11 September 2014 | Following the murder of indigenous leaders Edwin Chota Valera, Quinticima Leoncio Melendez , Jorge Rios Perez and Francisco Pinedo along the Peru/Brazil border, representatives from several organizations published a “Border Manifesto documenting 15 years of threats and ignored warnings. The manifesto is available for download (right), and we have provided a rough translation here:
- Beginning in 1999, the Ash¡ninka indigenous people living in the village of Apiwtxa in Brazil along the border with Peru have been warning state and federal authorities of Peruvians illegally logging timber in their territory and the environmental, social and cultural consequences that come from their actions. Citizens of Apiwtxa, on the Brazilian side of the border, have expressed particular concern for logging occurring in the indigenous territory of Land Kampa do Rio Ammonia and the Serra do Divisor National Park.
- Since 2002, Apiwtxa’s sister village of Saweto, on the Peruvian side of the border, has appealed to Peruvian officials on the basis of international laws that grant indigenous peoples the title to their ancestral land. They argue the government should lead a process of demarcation that gives them a legal title to their territory. But the Ash¡ninka peoples’ demands continue to be spurred as the cost of property titles are high and the political motivations of those working inside the office varies.
- In 2005, meetings sponsored by the Cross Border Working Group (Grupo de Trabalho Transfronteiri GTT) began occurring both in Acre, Brazil and in Peru’s Ucayali region. The meetings evaluate programs and monitor development of ongoing plans and strategies. GTT also monitors Peru’s forest concessions and the predominantly negative impact they have on indigenous lands.
- Indigenous organizations continued to form and hold meetings. Both Brazil’s and Peru’s Asháninka communities are communicating with each other. They discuss their shared problems and information and exchange successful strategies that resulted in better land management and protection of their territory.
- In 2011, the Ash¡ninka communities mobilized the Brazilian Institute for the Environment and Renewable Resources (Instituto Brasileiro de Meio Ambiente e Recursos Renov¡veis IBAMA) and the Chico Mendes Institute of Biodiversity (Instituto Chico Mendes da Biodiversidade ICMBio) to help them in securing the border. Several others, including the National Indian Foundation (Fundao Nacional do ndio FUNAI) and Operation Acai, which was a partnership with the federal police, were used as well. They all served a purpose in organizing the communities into one unit aimed at protecting their territory. They uncovered much illicit behavior- illegal logging and bulldozing along Brazil’s border were some of their discoveries.
- The groups compiled data from several sources including institutions like IBAMA but also the University of Richmond in Virginia, the Instituto del Bien Comºn (IBC) and the Secretaria de Estado de Meio Ambiente do Acre (SEMA). The information compiled resulted in a publication of history on the conflicts of the Brazil/Peru border.
- In 2012, the Cmara T©cnica de Desenvolvimento Sustent¡vel (CTDs), a space for debate and discussion between civil society and government, reported on uncontrolled drug and timber trafficking happening along the border as well as the swell of illegal Peruvian immigrants in Marechal Thaumaturgo-a municipality in western Acre.
- In June 2013, based on the data collected, Saweto leaders met with the Ministry of Foreign Affairs of Peru. The Saweto leaders presented the importance of titling their territory for environmental protection.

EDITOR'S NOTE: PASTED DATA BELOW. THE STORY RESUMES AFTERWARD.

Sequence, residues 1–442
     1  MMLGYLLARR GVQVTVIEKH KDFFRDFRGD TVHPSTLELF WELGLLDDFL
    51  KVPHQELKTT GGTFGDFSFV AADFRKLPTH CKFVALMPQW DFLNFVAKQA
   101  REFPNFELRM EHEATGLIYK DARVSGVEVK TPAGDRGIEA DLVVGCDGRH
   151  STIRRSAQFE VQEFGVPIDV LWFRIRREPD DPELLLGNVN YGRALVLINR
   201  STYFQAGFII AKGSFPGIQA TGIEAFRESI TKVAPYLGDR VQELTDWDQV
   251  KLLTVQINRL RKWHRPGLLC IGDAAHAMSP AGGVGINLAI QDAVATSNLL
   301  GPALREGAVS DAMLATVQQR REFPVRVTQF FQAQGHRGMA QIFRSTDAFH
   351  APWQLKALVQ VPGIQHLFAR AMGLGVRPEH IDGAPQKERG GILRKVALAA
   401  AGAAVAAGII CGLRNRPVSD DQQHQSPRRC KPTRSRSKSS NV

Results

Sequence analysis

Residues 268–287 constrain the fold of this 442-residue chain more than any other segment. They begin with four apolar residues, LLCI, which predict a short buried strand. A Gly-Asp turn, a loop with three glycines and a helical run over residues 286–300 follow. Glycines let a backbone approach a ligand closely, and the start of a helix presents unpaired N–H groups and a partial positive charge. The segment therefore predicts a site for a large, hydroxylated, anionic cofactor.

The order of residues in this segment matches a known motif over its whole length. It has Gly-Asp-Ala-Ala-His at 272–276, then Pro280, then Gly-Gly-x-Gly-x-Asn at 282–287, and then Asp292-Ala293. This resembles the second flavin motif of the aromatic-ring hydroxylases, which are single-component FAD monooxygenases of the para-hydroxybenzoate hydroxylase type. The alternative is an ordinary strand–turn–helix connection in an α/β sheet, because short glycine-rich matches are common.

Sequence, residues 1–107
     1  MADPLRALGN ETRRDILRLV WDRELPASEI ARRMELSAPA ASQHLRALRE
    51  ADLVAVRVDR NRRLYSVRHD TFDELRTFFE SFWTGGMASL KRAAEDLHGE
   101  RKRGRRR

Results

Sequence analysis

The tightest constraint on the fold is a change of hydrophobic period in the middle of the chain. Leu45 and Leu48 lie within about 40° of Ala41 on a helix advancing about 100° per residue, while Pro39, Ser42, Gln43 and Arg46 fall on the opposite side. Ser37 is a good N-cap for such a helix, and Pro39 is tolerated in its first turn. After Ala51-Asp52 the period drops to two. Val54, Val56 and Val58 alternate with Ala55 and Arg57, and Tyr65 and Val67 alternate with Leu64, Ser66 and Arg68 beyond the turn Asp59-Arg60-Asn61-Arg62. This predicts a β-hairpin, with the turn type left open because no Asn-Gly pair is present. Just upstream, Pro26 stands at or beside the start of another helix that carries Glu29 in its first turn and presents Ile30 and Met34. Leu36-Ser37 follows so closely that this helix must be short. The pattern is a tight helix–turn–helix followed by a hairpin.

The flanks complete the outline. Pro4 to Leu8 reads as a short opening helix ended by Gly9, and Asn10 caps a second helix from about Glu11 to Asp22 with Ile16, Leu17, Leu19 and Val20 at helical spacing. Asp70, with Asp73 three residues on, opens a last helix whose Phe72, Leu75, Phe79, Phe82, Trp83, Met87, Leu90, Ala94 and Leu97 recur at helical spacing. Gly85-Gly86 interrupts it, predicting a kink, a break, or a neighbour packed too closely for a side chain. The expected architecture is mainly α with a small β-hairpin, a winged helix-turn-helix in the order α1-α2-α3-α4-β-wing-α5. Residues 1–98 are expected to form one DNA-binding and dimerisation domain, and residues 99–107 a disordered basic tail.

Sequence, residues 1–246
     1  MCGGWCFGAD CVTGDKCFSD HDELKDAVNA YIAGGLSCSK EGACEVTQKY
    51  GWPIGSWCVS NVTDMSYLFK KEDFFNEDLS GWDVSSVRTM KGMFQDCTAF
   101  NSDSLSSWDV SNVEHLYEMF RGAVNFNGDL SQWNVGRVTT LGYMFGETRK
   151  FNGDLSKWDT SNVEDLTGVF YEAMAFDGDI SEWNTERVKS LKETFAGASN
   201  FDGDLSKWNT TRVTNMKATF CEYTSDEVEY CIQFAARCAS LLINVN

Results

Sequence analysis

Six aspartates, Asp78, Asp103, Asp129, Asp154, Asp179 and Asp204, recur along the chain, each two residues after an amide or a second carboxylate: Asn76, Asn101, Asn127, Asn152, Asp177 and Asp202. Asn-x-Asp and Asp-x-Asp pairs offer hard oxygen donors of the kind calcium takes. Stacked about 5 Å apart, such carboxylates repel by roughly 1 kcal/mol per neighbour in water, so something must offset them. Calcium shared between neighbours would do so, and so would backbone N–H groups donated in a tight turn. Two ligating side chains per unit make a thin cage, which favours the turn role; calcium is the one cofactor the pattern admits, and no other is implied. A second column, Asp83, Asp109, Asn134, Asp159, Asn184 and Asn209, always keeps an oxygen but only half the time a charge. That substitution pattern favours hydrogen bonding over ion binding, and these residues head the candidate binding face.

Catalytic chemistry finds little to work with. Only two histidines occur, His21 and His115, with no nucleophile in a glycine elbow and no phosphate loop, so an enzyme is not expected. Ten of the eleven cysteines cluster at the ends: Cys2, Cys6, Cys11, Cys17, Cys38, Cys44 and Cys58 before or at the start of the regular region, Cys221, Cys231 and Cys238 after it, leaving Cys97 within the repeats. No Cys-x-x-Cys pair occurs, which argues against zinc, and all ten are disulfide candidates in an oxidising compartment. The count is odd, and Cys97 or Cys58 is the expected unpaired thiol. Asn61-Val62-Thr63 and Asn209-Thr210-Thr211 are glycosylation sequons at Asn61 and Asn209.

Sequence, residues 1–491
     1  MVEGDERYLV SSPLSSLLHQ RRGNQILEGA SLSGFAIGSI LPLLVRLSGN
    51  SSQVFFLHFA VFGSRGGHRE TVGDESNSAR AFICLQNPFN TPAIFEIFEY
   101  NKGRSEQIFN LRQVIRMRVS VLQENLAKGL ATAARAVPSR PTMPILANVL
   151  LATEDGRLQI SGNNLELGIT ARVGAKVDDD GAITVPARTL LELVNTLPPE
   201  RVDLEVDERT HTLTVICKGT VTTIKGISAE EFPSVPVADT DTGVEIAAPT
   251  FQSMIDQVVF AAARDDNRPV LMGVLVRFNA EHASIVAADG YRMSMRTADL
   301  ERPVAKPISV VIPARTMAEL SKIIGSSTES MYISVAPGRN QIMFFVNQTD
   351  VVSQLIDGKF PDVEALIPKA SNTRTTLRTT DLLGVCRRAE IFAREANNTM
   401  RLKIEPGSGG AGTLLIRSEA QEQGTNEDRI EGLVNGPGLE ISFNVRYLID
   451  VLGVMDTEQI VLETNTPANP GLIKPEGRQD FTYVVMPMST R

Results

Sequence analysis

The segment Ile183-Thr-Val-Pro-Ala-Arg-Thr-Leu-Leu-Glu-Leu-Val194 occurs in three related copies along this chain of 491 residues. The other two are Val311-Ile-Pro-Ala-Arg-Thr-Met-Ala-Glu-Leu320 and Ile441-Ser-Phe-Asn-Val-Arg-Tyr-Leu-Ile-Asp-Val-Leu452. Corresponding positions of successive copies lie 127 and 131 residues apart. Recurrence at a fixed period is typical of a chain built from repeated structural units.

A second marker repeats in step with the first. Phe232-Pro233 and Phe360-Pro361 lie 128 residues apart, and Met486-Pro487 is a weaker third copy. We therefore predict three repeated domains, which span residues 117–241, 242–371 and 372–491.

- Despite all these attempts illegal activities grew in this border region. There were some enforcement efforts but they failed to prevent forest concessions in Peru and an invasion of loggers. The lack of validity regarding the Ash¡ninka’s right to the forests left them all but powerless to stop the continued onslaught.
- The threats became so extensive, the plight of the Ash¡ninka people received international attention. National Geographic published an article on the Ash¡ninka peoples’ struggles to protect the forest from ongoing illegal logging.
- The murder of the four men directly endangers Saweto and the other Ash¡ninka communities in the Acre-Ucayali region.
- Participation and cooperation of all the indigenous populations is needed. However, the tribe cannot assume the control and surveillance responsibilities necessary to prevent illegal activities and the ongoing violence.
- Titling is crucial for environmental protection and the Ash¡ninka people urge the governments to start the process. It’s complex. A forest concession that overlaps with Indian territory needs to be resized. The responsibility to adjust the forest concession and approve a legal title falls on the regional government, the Ministry of Agriculture and Irrigation and the Forest Service.
- Conservation and monitoring activities will fall to the indigenous communities residing on both sides of the border. Cooperation between them-particularly between Saweto and Apiwtxa resulting in bi-national policies is important.
- The manifesto recommends the installation of proper infrastructure along the border that will help to prevent illegal activity.
- There should be a permanent forum between Brazil and Peru’s authorities regarding illegal activities along the border.
- Establishment of cooperation between the two borders where the countries coordinate their strategies and implement plans together.
- Establishment of a monitoring system that is based on input from all stakeholders-indigenous communities, Brazilian and Peruvian authorities.
- Titling the land so it legally belongs to the Ash¡ninka is required for sustainable land management and effective environmental protection.
- Punishment for the instigators and perpetrators of the barbaric killing of the four Ash¡ninka leaders.